Richard Matheson incorporates and rewrites the following Ray Bradbury stories:
* "The Locusts" (The Martian Chronicles, 1950)
* "The Naming of Names" (The Martian Chronicles, 1950)
* "The Martian" (Super Science Stories, November 1949)
* "The Messiah" (Welcome Aboard, Spring 1971)
* "The Fire Balloons" (first published as "...In This Sign", Imagination, April 1951)
* "The Off Season" (Thrilling Wonder Stories, December 1948)
Narrator: Now the rockets come like beating drums. Like silver locusts swarming through the emptiness of space. And from the rockets come men to beat the strange world into a shape that is familiar to the eye. They come to find something or leave something or get something. To dig up something or bury something or leave something alone. To bludgeon away the strangeness.
Father Peregrine: And Lord, we have come to a new land. We shall need new eyes. We shall hear new sounds and needs new ears. And there will be new sins, which we ask the gift of purer and firmer hearts. Amen.
Father Stone: We are lost.
Father Peregrine: Keep the faith, Father.
Father Stone: I shall keep the faith. But it does have its limits.
Father Stone: But Father, you are risking the entire expeditionary mission just--just so these--these inhuman...
Father Peregrine: Can't you recognize the human in the inhuman?
Father Stone: I would rather recognize the inhuman in the human.
Old One: We have lived in the winds and skies since then, apart from those that we left behind. How we came to be has been forgotten, but we shall never die. We have put away the weaknesses of the body and live in the grace of that being whom you call "God." We covet no one's property, we do not steal nor kill nor lust, not hate. We have left sin behind. We thank you for the thought of building us a church, but we have no need of it. For each of us is a temple unto himself. Build your church among your own kind and cleanse them. We are at peace.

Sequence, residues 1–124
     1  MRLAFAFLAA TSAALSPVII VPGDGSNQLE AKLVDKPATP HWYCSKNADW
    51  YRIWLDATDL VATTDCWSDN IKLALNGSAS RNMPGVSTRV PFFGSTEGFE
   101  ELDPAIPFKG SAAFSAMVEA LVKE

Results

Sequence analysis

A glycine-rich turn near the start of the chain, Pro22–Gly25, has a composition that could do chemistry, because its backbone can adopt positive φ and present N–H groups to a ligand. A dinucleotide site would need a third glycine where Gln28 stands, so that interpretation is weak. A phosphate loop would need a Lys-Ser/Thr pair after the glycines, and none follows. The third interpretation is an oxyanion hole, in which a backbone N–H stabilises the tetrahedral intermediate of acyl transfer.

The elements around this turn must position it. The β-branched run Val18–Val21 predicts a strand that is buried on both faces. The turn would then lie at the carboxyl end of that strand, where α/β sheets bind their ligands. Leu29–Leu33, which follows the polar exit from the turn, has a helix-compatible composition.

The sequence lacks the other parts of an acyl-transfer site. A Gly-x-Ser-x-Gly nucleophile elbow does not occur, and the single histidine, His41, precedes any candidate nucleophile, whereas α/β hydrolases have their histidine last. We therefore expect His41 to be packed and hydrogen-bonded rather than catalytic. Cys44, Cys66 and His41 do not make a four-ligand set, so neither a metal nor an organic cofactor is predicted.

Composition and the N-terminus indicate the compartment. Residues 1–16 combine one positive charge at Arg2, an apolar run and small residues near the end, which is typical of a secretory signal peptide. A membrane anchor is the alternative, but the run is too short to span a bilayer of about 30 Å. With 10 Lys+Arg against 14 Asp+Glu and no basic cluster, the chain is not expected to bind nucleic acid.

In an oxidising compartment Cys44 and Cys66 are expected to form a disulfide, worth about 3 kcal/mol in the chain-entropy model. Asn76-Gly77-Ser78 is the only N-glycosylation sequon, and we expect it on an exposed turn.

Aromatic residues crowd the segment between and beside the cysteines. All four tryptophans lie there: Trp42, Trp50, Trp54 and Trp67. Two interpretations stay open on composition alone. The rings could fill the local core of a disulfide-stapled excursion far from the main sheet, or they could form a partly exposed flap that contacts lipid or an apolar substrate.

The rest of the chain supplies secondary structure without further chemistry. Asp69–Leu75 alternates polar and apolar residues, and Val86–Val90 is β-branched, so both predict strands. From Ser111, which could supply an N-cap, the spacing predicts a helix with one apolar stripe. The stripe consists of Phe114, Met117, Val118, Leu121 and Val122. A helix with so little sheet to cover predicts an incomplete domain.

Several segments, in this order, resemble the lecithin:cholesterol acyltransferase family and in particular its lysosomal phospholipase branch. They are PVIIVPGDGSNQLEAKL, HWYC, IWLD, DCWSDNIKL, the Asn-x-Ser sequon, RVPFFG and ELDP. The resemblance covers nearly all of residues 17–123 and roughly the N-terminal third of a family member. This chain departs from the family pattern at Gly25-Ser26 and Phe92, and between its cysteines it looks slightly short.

Narrator: And so Father Peregrine leaves the place where he had seen and heard the Old Ones of Mars, thinking that there is truth on every planet. All parts of a larger truth. And men will go on to other worlds as well, adding together the parts of the overall truth until the glorious total stands before them like the light of a new day. And all their journeys will have ended then. They will be at home.
Father Peregrine: What are you then?
Christ: You know.
Father Peregrine: That?
Christ: No more, no less.
Father Peregrine: And I have made you like this? With my thoughts?
Christ: When you came into the church, you looked at the crucifix. Your old dream of meeting Him seized you once again, and seized me. My body still bleeds from the wounds you gave me with your secret mind.
Narrator: Wilder's mind is a confusion of troubled thoughts. Thoughts about the dead Martian who might have taught them something of the planet they were living on, thoughts of the planet they had left behind, the world about to face its final war.
Ruth: If what you say is true, then we'll be cut off. Isolated. Forgotten.
Wilder: There may be no one left on Earth to forget us.
Narrator: A million years in the future, a million light-years away, some civilization will perceive a brief flicker in the heavens. Will they know us? That what we had was worth preserving? No. A falling star, perhaps, and their telescopes will continue to gaze into the universe. But we will be gone.